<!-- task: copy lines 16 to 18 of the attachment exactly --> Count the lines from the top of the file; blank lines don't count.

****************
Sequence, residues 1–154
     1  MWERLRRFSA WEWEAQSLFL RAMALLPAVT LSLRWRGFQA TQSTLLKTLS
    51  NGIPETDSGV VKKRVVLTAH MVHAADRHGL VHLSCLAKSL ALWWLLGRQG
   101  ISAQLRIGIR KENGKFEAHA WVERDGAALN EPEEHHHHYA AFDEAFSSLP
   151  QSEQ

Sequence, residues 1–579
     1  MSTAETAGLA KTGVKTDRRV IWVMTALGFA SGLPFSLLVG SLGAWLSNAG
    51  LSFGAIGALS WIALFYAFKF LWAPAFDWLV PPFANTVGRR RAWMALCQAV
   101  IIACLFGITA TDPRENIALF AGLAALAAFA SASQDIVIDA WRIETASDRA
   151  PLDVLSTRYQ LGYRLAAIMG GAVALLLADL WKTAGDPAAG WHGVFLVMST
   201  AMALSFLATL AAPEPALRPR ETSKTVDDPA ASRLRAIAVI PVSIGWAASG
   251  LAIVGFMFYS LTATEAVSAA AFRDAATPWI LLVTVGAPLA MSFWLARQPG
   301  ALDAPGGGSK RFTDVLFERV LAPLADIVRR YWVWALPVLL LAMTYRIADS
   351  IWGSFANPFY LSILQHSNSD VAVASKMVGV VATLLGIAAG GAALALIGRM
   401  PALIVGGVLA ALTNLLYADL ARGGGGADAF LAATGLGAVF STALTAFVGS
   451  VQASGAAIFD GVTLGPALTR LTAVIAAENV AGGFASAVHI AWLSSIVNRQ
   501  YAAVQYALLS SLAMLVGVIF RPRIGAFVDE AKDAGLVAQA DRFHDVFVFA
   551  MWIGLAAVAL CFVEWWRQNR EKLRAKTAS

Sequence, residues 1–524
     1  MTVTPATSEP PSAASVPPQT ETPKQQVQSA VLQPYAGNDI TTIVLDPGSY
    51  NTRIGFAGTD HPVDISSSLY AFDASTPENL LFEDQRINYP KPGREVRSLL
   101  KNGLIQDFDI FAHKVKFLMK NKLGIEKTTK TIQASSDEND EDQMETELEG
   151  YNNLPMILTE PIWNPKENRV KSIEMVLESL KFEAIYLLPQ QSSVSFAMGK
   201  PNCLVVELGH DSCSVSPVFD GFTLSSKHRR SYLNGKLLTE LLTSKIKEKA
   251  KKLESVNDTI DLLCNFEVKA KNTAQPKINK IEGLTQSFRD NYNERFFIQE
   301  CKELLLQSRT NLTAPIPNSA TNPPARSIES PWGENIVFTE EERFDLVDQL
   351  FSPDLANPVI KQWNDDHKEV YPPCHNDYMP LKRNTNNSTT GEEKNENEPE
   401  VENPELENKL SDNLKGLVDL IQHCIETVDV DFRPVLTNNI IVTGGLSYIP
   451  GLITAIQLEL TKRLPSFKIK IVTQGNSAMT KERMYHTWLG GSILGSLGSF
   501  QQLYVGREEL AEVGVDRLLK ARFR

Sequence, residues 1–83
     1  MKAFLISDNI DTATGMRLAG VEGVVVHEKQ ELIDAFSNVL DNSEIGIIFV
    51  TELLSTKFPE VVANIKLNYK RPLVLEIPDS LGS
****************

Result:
   451  VQASGAAIFD GVTLGPALTR LTAVIAAENV AGGFASAVHI AWLSSIVNRQ
   501  YAAVQYALLS SLAMLVGVIF RPRIGAFVDE AKDAGLVAQA DRFHDVFVFA
   551  MWIGLAAVAL CFVEWWRQNR EKLRAKTAS